Help refuting sola fide


#1

I have read this defending sola fide: reclaimingthemind.org/blog/2011/10/does-sola-fide-means-you-can-do-whatever-you-please/

For what I understood, the article implies you can be with “faith only” because although a portions of the Book of James says faith required works, it’s still “faith only” because when you do as you please and you have faith, then what pleases you is in accord with God, so you do works by being with faith only. So maybe this means, works are not necessary because faith only makes you do works. But then, you did works after all. It’s pretty twisted logic if you ask me. Maybe their point is the works must be done instinctively not with willpower. Do you really believe it doesn’t require any willpower?

Logically, Jesus and the Apostles commanded and taught a lot, if it’s faith only, then they just bothered about absolutely useless things. I think the commands and teachings are there to be followed, which is works(do you think so?).

There’s also that “once saved, always saved” doctrine. But there’s are things like this:

Matthew 6:14-15
"For if you forgive others for their transgressions, your heavenly Father will also forgive you. "But if you do not forgive others, then your Father will not forgive your transgressions.

Matthew 7:21
"Not everyone who says to Me, ‘Lord, Lord,’ will enter the kingdom of heaven, but he who does the will of My Father who is in heaven will enter.

Maybe I’ll say more later.


#2

This argument is often made as a way to reconcile the issue of faith and works. To me it starts to become a matter of semantics and hair splitting.

My view is this - that their is danger in going too far in either direction. Both of which really boil down to not having a true and permanent change of heart.
One the one hand the Sola Fide view - taken to an extreme can become a license to act sinfully relying solely on ones faith to get them to heaven. In such a case the person’s heart is not changed. They continue in sin…and St John tells us this is not the path to heaven.

The other extreme is to rely too much on “works” - keeping the letter of the law - without embracing the spirit of it. In this case too there is not a true conversion of the heart.

I think most of us fall in the middle somewhere. Recognizing the need for repentance, the change of heart - and we struggle to fulfill the promise of faith. In the end, no matter how one describes the relationship of faith and works…they are both necessary (in a normative sense).

The thing to remember - and is often overlooked in such discussions - is that the greatest and most important requirement of all is Agape. All else is built upon Agape. Without Agape…belief and works are worthless.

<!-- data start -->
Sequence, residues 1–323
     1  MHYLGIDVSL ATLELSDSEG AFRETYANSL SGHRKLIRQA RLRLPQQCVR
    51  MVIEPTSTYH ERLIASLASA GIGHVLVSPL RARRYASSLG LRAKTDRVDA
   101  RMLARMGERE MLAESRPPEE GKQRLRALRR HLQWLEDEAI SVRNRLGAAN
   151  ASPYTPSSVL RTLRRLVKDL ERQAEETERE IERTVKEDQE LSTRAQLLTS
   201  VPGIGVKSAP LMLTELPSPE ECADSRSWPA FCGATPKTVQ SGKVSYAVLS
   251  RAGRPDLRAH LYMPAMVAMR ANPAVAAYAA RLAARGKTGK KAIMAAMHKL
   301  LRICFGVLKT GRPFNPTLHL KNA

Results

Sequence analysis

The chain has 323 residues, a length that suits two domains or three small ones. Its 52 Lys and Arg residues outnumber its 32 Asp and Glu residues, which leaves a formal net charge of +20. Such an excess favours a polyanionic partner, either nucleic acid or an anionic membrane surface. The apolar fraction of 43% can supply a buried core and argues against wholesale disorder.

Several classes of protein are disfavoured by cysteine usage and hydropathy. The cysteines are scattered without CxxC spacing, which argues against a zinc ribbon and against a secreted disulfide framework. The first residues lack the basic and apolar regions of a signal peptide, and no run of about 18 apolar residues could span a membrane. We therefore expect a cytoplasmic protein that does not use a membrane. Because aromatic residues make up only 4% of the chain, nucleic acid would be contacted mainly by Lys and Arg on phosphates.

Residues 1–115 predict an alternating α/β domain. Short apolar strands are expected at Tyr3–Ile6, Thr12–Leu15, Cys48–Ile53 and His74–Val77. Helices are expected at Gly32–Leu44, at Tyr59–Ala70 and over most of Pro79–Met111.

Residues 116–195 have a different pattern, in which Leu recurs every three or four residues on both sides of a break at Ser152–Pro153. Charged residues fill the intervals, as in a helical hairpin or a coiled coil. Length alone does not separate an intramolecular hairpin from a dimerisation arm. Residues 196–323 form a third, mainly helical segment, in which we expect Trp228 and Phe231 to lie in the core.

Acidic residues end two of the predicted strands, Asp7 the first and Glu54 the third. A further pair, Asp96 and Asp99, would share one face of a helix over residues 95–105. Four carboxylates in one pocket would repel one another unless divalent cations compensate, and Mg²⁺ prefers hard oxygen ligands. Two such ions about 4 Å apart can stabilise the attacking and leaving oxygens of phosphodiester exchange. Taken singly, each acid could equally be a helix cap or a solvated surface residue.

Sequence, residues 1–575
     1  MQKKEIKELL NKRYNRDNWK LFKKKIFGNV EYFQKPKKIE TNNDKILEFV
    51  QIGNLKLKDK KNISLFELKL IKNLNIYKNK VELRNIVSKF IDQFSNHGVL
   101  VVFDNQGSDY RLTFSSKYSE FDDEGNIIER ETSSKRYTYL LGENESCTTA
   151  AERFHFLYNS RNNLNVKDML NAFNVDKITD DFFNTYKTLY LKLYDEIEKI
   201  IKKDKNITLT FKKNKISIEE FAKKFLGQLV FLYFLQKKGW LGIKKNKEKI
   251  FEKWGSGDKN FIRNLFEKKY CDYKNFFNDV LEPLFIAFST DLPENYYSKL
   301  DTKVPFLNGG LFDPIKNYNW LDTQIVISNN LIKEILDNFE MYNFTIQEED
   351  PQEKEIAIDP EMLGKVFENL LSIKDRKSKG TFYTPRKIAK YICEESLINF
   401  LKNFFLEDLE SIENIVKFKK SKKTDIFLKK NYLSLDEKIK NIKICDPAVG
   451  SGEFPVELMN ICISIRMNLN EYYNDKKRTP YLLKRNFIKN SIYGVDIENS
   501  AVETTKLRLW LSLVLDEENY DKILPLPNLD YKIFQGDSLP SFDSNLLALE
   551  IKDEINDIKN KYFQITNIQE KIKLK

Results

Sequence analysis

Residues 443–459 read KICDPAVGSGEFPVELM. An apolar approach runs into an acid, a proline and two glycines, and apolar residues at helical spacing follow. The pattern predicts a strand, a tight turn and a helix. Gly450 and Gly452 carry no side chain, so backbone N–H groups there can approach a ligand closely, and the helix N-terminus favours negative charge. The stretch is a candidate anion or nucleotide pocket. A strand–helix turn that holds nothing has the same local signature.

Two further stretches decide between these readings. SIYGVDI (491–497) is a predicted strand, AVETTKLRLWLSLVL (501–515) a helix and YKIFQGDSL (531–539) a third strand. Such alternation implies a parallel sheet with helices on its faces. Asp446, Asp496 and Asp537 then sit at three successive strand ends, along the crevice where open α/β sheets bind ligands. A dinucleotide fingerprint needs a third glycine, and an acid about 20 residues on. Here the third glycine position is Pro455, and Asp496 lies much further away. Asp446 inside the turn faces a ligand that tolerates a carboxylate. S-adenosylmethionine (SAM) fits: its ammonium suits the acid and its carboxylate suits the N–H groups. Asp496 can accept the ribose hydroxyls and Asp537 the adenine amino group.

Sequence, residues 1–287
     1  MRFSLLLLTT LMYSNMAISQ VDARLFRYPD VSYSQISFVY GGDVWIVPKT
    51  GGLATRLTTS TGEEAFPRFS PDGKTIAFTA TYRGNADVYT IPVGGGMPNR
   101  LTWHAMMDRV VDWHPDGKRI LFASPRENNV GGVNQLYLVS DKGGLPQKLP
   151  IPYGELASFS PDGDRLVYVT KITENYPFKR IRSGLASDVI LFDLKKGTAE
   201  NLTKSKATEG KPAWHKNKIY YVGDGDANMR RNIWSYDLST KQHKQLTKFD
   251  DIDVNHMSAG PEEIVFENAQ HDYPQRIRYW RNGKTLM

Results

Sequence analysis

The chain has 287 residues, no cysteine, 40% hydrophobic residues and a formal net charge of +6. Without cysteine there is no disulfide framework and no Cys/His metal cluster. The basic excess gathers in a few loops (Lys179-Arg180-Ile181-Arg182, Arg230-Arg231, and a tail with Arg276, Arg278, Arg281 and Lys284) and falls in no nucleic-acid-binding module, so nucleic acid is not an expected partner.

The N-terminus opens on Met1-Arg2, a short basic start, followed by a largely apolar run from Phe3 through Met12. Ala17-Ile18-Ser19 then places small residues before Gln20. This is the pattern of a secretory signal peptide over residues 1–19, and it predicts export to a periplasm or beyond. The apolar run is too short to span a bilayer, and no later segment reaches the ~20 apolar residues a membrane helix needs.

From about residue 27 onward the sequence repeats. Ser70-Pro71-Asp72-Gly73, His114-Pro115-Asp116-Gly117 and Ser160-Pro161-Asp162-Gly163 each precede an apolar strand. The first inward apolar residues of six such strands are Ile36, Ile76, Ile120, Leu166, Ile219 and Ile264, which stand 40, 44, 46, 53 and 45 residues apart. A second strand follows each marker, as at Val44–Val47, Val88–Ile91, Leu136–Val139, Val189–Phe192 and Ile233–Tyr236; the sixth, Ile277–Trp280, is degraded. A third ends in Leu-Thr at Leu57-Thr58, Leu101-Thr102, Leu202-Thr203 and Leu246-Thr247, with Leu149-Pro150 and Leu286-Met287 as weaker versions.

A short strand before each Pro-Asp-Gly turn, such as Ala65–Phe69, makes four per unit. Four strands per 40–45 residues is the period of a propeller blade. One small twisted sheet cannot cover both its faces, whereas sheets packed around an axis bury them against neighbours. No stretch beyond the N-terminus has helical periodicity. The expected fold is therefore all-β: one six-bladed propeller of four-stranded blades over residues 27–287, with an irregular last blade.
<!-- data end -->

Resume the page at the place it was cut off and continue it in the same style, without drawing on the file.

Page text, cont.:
I don’t think I really answered your question…but maybe something here will help…

Peace
James


#3

Souldiver

Jimmy Akin has posted a discussion (link below) of the contrasting meanings that the word “faith” has acquired in Catholic and Protestant use. His starting point is the phrase “faith, hope, and charity.” He says that Catholic writers, when they use the word “faith,” tend to bear in mind that Paul is using the three words to discriminate between three different things, with the result that “faith” (in the Catholic sense) is separate from hope and charity, which are also separate from one another. In Protestant use, however, “faith” is commonly understood as a shorthand expression (I’m paraphrasing Jimmy Akin here) for faith-hope-charity taken as a single virtue. If I’ve understood him correctly, his argument boils down to this: Yes, justification is by faith alone if you’re using “faith” in the Protestant sense, but not if you’re using it in the Catholic sense.

jimmyakin.com/library/justification-by-faith-alone


#4

To add to what 's been said, beginning with St Paul:
**"…if I have a faith that can move mountains, but do not have love, I am nothing."

“And now these three remain: faith, hope and love. But the greatest of these is love.”**
1 Cor 13

"Faith may indeed exist, but without love it avails nothing". St Augustine

"At the evening of life we shall be judged on our love". St John of the Cross

**"Teacher, which is the greatest commandment in the Law?”

37 Jesus replied: “‘Love the Lord your God with all your heart and with all your soul and with all your mind.’38 This is the first and greatest commandment. 39 And the second is like it: ‘Love your neighbor as yourself.’40 All the Law and the Prophets hang on these two commandments".** Matt 22:36-40

Man’s justice is defined primarily by love, not by faith. Faith, as a response to Gods call-to grace- is the beginning of our justice, it’s root and foundation as Trent put it. But if it doesn’t lead to love, the image of God that we’re to be transformed into, it has produced nothing. Love is the right and proper motivation for good works, which relflect our love of neighbor (reference Matt 25:31-46), and for authentic obedience of God. Faith restores communion between man and God, apart from Whom we can do nothing (John 15:5). This vital relationship provides the means for God to do His work in us. The New Covenant is about real change, as James mentioned in his post above, made possible by grace.